Natalie: There you go.
Natalie: And I think this will go with a lot of the recipes, its plush, it’s smooth, it’s not too heavy or too light. It has versatility going with a lot of the meat based recipes.
Kevin: It’s a lot easier to pair a red, isn’t it?
Natalie: I think so, yes.
Kevin: You’ve chosen a lots of reds, but you do have a white here … Hawkes Bay.
Natalie: I do.
Kevin: And what’s it going with?
Natalie: This is flavours of Arabia. The author splits her time between the Middle East and Ottawa. She’s a Canadian writer and she has some wonderful new recipes and new flavours from the Middle East. I’ve chosen the Sauvignon Blanc because it has a lime lift that goes with spices, curries and all the flavours that are in this book.
Kevin: Two more quick ones.
Kevin: I’m Your Man, The Life of Leonard Cohen, yes Leonard Cohen.
Kevin: He’s a very interesting character.
Natalie: Absolutely. I chose something dark and brooding and kind of ‘first we take Manhattan’ kind of wine.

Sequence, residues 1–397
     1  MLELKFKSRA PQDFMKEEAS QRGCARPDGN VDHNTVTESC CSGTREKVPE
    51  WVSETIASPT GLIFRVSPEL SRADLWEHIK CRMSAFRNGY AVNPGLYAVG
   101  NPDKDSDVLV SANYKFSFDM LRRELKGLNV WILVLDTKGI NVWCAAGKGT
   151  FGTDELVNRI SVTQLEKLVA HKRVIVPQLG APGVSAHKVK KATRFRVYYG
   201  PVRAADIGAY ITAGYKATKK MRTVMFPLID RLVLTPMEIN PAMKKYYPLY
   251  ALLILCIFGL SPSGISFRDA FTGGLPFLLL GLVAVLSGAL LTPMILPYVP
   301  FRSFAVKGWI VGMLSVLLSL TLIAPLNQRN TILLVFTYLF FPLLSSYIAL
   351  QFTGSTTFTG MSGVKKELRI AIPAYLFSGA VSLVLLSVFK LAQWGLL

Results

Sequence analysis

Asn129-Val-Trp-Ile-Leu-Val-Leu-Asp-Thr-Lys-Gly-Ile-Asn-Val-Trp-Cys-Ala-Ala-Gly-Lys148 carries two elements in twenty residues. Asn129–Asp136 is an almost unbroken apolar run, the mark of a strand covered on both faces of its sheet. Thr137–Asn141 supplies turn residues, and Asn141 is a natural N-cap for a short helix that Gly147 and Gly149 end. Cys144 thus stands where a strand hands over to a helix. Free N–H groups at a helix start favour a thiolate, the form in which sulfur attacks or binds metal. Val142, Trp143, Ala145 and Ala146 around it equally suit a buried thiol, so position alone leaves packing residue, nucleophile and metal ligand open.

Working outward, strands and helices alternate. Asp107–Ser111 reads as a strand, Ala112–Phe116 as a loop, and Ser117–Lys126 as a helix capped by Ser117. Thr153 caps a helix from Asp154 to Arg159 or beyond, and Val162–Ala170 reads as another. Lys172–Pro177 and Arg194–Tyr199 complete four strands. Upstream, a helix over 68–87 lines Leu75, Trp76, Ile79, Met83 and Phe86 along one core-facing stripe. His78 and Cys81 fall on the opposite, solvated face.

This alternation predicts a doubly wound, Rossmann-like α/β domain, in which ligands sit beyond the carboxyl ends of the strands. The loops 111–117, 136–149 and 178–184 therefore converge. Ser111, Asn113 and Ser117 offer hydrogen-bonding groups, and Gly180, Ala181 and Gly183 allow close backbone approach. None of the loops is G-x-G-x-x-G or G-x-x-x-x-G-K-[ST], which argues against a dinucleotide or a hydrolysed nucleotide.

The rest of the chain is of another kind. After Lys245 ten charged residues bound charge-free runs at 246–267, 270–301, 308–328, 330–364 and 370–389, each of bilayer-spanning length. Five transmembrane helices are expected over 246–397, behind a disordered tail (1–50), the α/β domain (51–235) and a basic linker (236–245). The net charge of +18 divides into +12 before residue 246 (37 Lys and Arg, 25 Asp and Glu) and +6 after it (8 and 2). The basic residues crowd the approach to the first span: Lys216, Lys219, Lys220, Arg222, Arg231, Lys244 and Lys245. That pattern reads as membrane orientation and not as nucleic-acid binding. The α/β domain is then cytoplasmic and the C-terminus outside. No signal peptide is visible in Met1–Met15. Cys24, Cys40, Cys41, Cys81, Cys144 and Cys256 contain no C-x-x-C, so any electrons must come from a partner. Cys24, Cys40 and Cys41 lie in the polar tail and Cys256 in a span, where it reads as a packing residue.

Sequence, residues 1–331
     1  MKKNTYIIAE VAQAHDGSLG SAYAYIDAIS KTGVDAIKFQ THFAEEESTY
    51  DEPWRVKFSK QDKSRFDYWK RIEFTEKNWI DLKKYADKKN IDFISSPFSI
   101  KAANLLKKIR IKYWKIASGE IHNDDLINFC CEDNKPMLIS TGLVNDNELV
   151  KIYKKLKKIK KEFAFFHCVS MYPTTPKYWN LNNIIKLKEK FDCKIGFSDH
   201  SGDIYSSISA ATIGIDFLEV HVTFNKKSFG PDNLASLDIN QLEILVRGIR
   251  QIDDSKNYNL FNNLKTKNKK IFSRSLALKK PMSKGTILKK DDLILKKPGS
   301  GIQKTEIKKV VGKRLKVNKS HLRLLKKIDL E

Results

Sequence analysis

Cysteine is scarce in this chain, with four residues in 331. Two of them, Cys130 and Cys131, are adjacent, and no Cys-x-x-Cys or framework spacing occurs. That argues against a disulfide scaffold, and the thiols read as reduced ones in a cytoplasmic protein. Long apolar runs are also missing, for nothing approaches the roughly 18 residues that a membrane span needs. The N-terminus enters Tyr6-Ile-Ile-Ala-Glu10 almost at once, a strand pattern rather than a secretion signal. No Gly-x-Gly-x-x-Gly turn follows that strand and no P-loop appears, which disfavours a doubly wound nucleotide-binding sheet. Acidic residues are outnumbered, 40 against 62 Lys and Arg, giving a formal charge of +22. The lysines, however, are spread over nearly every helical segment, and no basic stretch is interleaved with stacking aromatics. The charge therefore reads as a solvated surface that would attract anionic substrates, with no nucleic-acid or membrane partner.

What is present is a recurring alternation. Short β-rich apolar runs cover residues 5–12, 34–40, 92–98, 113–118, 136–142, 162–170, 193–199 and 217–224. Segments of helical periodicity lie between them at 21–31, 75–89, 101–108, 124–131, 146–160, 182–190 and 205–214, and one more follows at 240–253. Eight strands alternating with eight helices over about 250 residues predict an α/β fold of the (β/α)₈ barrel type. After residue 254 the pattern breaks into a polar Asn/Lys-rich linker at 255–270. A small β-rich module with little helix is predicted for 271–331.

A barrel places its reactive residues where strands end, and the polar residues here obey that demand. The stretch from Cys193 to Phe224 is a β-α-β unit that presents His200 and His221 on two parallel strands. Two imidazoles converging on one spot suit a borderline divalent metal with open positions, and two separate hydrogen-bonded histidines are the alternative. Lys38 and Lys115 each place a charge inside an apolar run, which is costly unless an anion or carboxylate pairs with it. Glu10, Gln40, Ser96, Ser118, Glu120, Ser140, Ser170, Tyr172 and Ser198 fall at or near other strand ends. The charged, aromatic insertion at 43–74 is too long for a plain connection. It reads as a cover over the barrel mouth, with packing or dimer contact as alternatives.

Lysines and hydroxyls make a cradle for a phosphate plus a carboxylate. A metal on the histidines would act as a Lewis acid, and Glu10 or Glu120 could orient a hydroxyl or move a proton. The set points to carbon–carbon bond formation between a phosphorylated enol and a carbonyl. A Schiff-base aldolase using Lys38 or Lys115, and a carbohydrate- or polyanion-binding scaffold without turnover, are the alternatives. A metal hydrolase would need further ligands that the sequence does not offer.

Natalie: It’s Sledgehammer Zinfandel.
Natalie: I think this goes with his biography.
Kevin: Alright and finally here The End of Your Life Book Club.
Natalie: Yes, this is a lovely book. It is a chronicle between a son and his mother. She’s at Sloan Kettering Cancer Centre, dying and he asked her one day, “What are you reading?” They start reading the same books together to celebrate her life and they come together through books. I think you can come together through books and wine.
Kevin: Alright, here we go.
Natalie: Yes, absolutely cheers!
Kevin: Thank you very much, Natalie MacLean. If you want more details, she put the pairings on her website nataliemaclean.com.